21st Century Transportation

Efficient public transportation like intercity rail and clean bus systems make our transportation system better for everyone by reducing traffic congestion and pollution, and increasing our options for getting around.

Reforming our broken transportation system

Changing Transportation: TexPIRG's series of reports on the dramatic changes underway in how Americans want to get around.

In the 20th century, Americans fell in love with the car. Driving a car became a rite of passage. Owning a car became a symbol of American freedom and mobility. And so we invested in a network of interstate highways that facilitated travel and connected the nation.

Now we're in a new century, with new challenges and new transportation needs. We still love our cars, but we also know they harm the environment around us. Americans want choices for getting to work, school, shopping and more. As lifestyles change, Americans — especially the Millennial generation — are changing their driving and transportation preferences.

We need a transportation system that reflects this century.

Consider:

Public transportation ridership nationwide is hitting record highs. This trend is greatest among younger Americans — who will be the biggest users of the infrastructure we build today. Since the 1950s — despite knowing that buses and rail use far less energy and space — we have spent nine times more on highway projects than on public transportation.

In 2015, more than half of Americans — and nearly two-thirds of Millennials, the country’s largest generation — want to live “in a place where they do not need to use a car very often.” Similar trends exist for older adults. Older adults in general put the creation of pedestrian-friendly streets and local investment in public transportation in their top five priorities for their communities.

By reducing traffic and pollution, and increasing our options for getting around, efficient public transportation systems like intercity rail and clean bus systems would make America’s transportation future better for everyone.

But America also needs to repair and maintain its current aging infrastructure. Nearly 59,000 of the nation’s bridges are classified as “structurally deficient.” Instead of building newer and wider highways that will only make America more dependent on dirty fossil fuels, we need to be smart in how we invest in roads, and fix them first.

The good news is that the public is in many ways ahead of Congress in leading the way toward reform. Help us make sure our decision makers recognize the need to invest in a 21st century transportation system.

Check out our video showcasing our work to bring about better transportation options for America's future.

Issue updates

News Release | TexPIRG | Transportation

Kay Bailey Hutchison’s transportation plan revives the Trans Texas Corridor

Kay Bailey Hutchison calls for some good reforms in her transportation proposal, Putting Texas Transportation Back On The Road to Success. However, her plan falls short in providing public protections and offers no method to finance the state's transportation system other than through privatized toll roads which are fraught with risk for taxpayers.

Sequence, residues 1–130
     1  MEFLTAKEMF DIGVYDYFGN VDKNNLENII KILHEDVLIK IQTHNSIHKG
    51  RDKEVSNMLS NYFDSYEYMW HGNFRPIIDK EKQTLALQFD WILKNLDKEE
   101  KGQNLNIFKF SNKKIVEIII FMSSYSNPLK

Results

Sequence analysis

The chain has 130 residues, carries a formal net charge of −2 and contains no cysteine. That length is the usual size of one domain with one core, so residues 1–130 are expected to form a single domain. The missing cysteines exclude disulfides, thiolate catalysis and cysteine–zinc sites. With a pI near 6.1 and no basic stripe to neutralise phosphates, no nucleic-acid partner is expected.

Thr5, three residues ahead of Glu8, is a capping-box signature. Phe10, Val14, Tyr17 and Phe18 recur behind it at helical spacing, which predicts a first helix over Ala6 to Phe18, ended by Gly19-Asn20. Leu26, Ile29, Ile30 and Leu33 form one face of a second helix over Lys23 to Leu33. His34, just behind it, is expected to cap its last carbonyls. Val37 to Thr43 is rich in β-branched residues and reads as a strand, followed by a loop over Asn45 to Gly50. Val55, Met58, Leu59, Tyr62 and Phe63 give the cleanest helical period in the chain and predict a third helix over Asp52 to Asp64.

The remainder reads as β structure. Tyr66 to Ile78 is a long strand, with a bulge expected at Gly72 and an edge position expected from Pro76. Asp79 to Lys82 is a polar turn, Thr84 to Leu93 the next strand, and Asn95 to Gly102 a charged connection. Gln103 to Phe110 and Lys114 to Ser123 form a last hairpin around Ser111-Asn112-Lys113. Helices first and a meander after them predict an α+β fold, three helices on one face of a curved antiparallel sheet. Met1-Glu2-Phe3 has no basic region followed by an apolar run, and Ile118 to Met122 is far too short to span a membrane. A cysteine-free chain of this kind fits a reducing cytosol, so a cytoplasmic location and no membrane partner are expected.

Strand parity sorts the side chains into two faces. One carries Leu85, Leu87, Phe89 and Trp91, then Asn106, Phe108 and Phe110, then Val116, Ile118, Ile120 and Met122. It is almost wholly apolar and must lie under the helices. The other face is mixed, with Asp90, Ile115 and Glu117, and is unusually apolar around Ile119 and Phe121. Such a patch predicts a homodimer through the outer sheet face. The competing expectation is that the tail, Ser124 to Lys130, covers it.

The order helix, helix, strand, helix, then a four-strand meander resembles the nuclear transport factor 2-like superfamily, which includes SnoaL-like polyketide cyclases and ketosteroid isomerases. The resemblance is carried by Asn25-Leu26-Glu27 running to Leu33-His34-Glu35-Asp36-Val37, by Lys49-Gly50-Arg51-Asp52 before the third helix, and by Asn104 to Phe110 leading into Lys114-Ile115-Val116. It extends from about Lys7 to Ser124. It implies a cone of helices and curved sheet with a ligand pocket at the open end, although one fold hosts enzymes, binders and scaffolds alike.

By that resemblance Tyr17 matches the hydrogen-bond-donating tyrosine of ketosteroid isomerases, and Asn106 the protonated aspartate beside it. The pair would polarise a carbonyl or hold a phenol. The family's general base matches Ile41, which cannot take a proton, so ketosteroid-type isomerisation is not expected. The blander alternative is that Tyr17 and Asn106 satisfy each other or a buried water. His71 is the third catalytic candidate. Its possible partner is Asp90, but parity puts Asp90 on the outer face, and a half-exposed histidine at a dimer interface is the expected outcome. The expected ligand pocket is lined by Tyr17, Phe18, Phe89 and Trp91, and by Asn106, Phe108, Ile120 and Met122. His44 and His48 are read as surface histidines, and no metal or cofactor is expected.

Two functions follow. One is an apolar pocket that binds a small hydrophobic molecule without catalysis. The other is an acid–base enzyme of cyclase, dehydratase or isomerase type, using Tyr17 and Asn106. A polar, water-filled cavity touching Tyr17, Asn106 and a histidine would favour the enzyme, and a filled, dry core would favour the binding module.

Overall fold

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Report | TexPIRG | Transportation

Greasing the Wheels

In the wake of the Minnesota I-35 bridge collapse there was enormous public outcry and recognition of the need to repair our crumbling infrastructure. Americans expected public officials to respond to the tragedy with a large scale effort to address the nearly 73,000 structurally deficient bridges in this country. The findings in this report suggest that did not happen.

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News Release | TexPIRG | Transportation

Campaign Contributions Greasing the Wheels for New Highway Construction?

The nation has 73,000 crumbling bridges, but year after year startlingly few federal transportation dollars go to fixing them.  In 2008, for example, just a few months after the tragic Minneapolis bridge collapse which killed 13 and sparked alarm and outrage across the country, Congress directed only 74 of the 704 highway projects earmarked in the transportation appropriations bill to repair or maintain a bridge, tunnel, or overpass.

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News Release | TexPIRG | Transportation

TxDOT Confirms TTC is Still Alive: Despite Recent Announcement, Segments of TTC Still Advance Across the State

TxDOT announced today at a press conference in Austin that in response to citizen comments received during the environmental review of the Trans-Texas Corridor-35, the department has recommended the No Action Alternative on the TTC-35 environmental study to the Federal Highway Administration (FHWA).  TxDOT Commissioner Armando Saenz made it clear that the TTC-35 would not go away overnight and that FHWA will still have to respond to their recommendation which could take up to 45 days.

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News Release | TexPIRG | Transportation

TexPIRG Calls on NEW Sunset Advisory Appointees to Protect the Public Interest: Sunset Advisory Commission Must Reform TDI and TxDOT

Lieutenant Governor David Dewhurst announced this morning his appointments to the Sunset Advisory Commission, tapping former vice chairman Glenn Hegar (R-Katy) to take over as chairman for the upcoming review cycle. Also named to the commission are State Senators John Whitmire (D-Houston), Robert Nichols (R-Jacksonville) and Joan Huffman (R-Houston). Senator Juan “Chuy” Hinojosa (D-McAllen) will remain on the panel and Charles McMahen of Schulenberg is his public appointee.

> Keep Reading

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